Saffron, an expensive spice used in curry dishes, could help improve people"s eyesight and reduce the onset of blindness in the elderly, according to scientists.
The research was carried-out at the Policlinico Gemelli in Italy by Professor Benedetto Falsini.
The researchers, from the University of Sydney, saw "significant improvements" in the eyesight of 25 subjects on a three-month course of saffron pills.
The subjects were split into two groups one group took the pills for three months followed by a placebo for the same period, with the other group given the pills in the reverse order.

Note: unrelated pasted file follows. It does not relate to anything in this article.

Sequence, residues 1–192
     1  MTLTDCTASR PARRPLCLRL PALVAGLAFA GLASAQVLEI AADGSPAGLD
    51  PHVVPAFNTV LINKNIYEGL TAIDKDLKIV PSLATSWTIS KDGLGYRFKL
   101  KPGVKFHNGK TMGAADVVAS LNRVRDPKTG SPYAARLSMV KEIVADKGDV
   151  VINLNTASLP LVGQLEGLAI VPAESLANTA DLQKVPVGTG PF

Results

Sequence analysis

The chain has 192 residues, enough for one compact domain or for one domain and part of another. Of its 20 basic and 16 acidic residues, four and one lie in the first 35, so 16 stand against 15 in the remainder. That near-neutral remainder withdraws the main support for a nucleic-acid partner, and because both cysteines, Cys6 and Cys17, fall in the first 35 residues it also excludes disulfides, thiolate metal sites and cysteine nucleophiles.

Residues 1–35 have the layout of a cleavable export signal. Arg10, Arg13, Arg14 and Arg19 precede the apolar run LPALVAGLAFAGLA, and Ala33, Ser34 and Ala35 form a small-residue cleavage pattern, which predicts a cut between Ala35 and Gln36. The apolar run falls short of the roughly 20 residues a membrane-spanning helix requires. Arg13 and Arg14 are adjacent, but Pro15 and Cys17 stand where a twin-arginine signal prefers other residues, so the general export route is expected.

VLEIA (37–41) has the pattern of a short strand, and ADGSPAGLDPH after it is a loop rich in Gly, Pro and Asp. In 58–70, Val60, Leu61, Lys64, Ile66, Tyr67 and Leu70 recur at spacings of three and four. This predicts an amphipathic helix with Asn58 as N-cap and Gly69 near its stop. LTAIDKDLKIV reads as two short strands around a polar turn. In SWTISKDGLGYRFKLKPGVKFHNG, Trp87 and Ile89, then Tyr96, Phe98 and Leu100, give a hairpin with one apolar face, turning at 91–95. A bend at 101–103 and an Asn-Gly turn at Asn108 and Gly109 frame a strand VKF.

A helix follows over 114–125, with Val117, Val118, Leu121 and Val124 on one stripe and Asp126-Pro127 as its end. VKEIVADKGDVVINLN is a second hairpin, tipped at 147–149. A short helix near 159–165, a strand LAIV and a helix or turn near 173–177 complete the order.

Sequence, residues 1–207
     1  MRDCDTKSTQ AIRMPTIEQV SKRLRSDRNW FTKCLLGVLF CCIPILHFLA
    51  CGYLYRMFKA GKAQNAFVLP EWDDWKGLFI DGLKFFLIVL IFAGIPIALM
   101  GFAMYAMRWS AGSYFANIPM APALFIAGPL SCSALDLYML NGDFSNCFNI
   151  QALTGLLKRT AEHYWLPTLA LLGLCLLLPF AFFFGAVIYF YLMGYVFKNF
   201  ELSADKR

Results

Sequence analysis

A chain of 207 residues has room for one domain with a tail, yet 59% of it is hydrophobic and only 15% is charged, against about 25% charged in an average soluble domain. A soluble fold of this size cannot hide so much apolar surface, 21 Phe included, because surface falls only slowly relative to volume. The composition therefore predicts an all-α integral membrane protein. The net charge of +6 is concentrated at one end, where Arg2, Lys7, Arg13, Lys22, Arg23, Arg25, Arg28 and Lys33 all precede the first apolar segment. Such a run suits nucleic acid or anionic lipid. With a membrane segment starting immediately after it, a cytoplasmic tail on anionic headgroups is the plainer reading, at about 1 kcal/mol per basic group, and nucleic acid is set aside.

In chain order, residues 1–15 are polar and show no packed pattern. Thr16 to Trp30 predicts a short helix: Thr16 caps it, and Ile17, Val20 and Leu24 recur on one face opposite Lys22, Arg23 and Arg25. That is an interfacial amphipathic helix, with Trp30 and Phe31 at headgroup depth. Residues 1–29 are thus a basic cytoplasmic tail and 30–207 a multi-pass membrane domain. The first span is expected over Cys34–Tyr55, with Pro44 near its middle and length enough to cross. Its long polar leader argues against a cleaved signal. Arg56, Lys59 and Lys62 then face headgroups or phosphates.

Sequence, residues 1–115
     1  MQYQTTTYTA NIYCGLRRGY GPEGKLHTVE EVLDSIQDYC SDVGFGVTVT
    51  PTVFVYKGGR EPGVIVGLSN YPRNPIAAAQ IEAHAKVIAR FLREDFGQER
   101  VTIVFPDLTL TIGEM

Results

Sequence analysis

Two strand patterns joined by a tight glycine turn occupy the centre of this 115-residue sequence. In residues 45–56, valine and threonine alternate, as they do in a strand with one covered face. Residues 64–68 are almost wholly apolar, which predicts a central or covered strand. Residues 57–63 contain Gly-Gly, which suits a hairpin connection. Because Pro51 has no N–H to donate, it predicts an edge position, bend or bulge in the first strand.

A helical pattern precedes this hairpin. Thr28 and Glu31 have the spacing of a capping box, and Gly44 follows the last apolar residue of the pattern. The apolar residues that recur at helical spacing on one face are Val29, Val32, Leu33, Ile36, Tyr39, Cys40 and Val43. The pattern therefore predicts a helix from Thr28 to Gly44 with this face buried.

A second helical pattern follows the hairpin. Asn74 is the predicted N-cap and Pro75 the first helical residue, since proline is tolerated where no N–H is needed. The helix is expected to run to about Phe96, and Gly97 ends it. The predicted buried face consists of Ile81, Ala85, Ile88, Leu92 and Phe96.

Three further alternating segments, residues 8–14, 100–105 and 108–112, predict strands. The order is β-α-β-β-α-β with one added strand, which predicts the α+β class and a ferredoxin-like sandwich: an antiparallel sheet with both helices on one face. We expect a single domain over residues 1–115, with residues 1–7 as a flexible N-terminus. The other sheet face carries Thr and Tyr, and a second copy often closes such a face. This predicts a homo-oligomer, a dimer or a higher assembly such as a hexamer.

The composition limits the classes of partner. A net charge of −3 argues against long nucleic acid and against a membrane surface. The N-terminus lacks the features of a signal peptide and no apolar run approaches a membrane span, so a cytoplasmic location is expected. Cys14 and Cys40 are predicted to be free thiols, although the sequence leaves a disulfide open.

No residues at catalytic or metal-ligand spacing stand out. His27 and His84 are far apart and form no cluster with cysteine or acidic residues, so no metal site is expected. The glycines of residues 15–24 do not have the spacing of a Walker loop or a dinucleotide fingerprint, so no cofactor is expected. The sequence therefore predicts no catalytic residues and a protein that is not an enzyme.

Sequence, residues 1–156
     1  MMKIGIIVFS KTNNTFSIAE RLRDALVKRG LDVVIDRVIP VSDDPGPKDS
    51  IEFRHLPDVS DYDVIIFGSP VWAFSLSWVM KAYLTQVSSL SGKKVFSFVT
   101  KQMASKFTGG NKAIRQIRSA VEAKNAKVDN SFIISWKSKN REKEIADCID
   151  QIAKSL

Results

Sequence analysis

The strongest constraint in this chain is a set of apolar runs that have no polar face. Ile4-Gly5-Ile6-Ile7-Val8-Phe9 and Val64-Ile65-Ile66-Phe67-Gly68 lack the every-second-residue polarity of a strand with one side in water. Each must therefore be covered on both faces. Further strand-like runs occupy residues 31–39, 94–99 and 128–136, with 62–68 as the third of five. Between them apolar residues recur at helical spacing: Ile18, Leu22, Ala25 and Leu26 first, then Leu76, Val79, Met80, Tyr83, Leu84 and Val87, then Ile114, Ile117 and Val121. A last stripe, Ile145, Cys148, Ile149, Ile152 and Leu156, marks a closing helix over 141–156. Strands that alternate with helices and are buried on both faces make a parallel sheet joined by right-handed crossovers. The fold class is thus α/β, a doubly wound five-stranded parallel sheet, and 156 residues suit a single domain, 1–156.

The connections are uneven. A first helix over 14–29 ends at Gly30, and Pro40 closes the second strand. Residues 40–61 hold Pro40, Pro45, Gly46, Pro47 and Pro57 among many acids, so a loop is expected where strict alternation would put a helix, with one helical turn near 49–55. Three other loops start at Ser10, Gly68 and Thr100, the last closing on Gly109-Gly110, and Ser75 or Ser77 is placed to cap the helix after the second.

Professor Silvia Bisti, a visiting scholar based at the VisionCentre at the University of Sydney, said: "When [the subjects] were tested with traditional eye charts, a number of patients could read one or two lines smaller than before, while others reported they could read newspapers and books again."
He now plans discover more about the optimal dosage and peak effect of saffron on patients through a year-long study.
A University of Georgia study, published in the Journal of Food Science by the Institute of Food Technologists, recently found that carotenoids found in leafy green vegetables play an important role in eyesight.
by Emily Tait